He Entertains Sinners

Jesus gave sinners a warm and kindly reception. This troubled the Pharisees and the scribes, just as the elder brother was troubled by the father's lavish welcome of the prodigal son. "Here is a man," they said, "that entertains sinners and eats with them" (Lk 15:2). The Pharisees and the scribes felt snubbed and, in the parable, the elder son was angry and refused to go into the feast.

Our Lord welcomes all who seek his company. He excludes no one, keeps no one at a distance. The faithful and law-abiding, nonethless, must be willing to mingle with transgressors and wastrels, for these are the preferred guests of the Sacred Heart. By sharing His table with sinners, Our Lord reveals the mystery of the Divine Hospitality. "If a man has any love for me, he will be true to my word, and then he will win my Father's love, and we will both come to him, and make our continual abode with him" (Jn 14:23-24).

The Sacraments

Every decision to approach the sacraments replicates the resolve of the prodigal son: "I will arise and go to my father" (Lk 15:18). The Father, while we are still at a distance, sees us coming. He is moved with compassion. He runs to enfold us in His embrace and cover us with kisses. This is why one must situate Confession and Absolution on the road to the banquet of the Most Holy Eucharist. The Sacrament of Penance prepares us for Holy Communion; it is an outpouring of the compassion of the Son; it is the embrace of the Father; it is the welcoming kiss of the Holy Spirit.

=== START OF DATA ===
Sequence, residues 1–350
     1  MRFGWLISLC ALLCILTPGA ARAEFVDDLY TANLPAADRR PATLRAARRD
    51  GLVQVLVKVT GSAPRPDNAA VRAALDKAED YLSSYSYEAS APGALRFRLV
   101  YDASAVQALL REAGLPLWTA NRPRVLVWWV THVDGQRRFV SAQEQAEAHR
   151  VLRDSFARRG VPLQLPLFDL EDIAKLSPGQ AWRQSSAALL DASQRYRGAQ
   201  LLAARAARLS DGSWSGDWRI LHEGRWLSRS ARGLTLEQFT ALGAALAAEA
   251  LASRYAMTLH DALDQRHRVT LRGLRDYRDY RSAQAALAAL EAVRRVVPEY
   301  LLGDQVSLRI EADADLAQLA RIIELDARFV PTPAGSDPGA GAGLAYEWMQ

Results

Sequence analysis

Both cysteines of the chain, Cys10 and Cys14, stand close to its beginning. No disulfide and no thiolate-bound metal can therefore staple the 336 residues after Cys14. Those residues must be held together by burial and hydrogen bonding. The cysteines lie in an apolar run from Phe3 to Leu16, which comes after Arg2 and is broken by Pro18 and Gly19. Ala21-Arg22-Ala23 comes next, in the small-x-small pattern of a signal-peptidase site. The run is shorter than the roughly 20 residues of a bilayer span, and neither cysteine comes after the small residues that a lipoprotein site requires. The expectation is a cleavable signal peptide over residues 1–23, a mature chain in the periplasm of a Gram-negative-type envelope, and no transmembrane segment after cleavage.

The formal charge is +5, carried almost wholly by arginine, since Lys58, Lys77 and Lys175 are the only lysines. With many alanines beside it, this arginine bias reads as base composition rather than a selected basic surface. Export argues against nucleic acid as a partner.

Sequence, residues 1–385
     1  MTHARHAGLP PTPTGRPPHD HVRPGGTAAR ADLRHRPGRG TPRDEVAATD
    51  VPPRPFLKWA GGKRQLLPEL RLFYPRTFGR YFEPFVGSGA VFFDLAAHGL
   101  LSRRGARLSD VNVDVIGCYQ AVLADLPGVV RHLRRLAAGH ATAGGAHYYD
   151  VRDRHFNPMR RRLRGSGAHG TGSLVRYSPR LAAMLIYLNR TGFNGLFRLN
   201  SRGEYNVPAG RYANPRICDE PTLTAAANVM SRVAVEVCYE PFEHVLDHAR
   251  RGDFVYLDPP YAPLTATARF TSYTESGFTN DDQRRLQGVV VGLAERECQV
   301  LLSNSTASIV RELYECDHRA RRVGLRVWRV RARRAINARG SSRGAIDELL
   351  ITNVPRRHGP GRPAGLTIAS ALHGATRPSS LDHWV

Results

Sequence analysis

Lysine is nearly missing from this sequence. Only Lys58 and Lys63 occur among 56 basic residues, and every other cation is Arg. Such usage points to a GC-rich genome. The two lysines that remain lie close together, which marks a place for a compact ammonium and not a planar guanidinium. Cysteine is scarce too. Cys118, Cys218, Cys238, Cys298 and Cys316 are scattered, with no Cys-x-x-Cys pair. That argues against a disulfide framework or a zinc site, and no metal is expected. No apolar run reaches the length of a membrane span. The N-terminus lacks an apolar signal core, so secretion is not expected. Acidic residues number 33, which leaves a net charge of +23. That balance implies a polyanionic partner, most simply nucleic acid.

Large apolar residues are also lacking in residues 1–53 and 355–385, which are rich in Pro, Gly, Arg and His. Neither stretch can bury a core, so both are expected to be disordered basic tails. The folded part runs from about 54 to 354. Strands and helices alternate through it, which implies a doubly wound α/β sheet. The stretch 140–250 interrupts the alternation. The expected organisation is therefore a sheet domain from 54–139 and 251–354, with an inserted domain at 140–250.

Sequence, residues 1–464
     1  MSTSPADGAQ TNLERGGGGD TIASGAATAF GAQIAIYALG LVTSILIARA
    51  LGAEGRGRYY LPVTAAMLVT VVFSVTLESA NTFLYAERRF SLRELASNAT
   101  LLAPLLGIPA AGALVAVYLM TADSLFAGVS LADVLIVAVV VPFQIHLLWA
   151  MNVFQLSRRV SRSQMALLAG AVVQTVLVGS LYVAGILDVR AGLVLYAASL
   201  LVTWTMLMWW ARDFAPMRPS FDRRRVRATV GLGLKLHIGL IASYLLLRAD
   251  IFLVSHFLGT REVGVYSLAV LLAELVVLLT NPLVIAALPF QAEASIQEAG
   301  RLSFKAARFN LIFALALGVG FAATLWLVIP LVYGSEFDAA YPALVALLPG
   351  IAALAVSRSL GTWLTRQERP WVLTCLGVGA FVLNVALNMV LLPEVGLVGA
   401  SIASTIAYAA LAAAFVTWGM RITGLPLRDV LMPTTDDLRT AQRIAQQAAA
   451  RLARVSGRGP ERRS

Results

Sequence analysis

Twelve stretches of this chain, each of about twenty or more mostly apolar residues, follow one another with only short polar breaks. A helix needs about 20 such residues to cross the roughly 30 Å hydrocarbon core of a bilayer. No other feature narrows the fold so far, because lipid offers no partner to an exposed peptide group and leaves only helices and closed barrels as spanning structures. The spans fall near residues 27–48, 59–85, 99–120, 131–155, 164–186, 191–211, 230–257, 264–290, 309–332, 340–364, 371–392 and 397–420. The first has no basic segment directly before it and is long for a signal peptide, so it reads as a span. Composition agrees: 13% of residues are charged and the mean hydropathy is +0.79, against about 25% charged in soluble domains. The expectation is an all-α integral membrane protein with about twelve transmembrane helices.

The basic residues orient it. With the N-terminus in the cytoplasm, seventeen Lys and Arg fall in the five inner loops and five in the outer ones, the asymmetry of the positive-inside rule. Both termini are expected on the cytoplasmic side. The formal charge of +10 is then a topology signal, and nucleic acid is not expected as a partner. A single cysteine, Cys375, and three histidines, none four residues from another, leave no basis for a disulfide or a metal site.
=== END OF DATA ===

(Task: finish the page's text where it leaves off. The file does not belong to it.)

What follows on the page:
Divine Hospitality

Confession and Holy Communion are where the dead are raised to life. Confession and Holy Communion are where the lost are found. Confession and Holy Communion are mysteries of the mercy and the hospitality of God towards sinners. Divine hospitality is not extended to sinners as a gracious afterthought; it is offered first to sinners.

In Our Father's House

Today again, the house of our Father resounds with music and dancing (Lk 15:25). If one follows the sound of that music, one will be led to the altar and to the immolated Lamb. A cloud of witnesses surround the altar, singing and proclaiming with an unspeakable joy: "He welcomes sinners and eats with them" (Lk 15:2). Blessed are those called to the Supper of the Lamb.


"For He who has come in search of us, He who waits for us, is left alone. Though He searches for every man, there are few, very few, who search for Him. Though He is patient in waiting for man; there are few, very few who know how to wait in silence for Him."

This speaks volumes, especially in light of family matters. Thank you for this post, Father.

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About Dom Mark

Dom Mark Daniel Kirby is Conventual Prior of Silverstream Priory in Stamullen, County Meath, Ireland. The ecclesial mandate of his Benedictine community is the adoration of the Most Holy Sacrament of the Altar in a spirit of reparation, and in intercession for the sanctification of priests.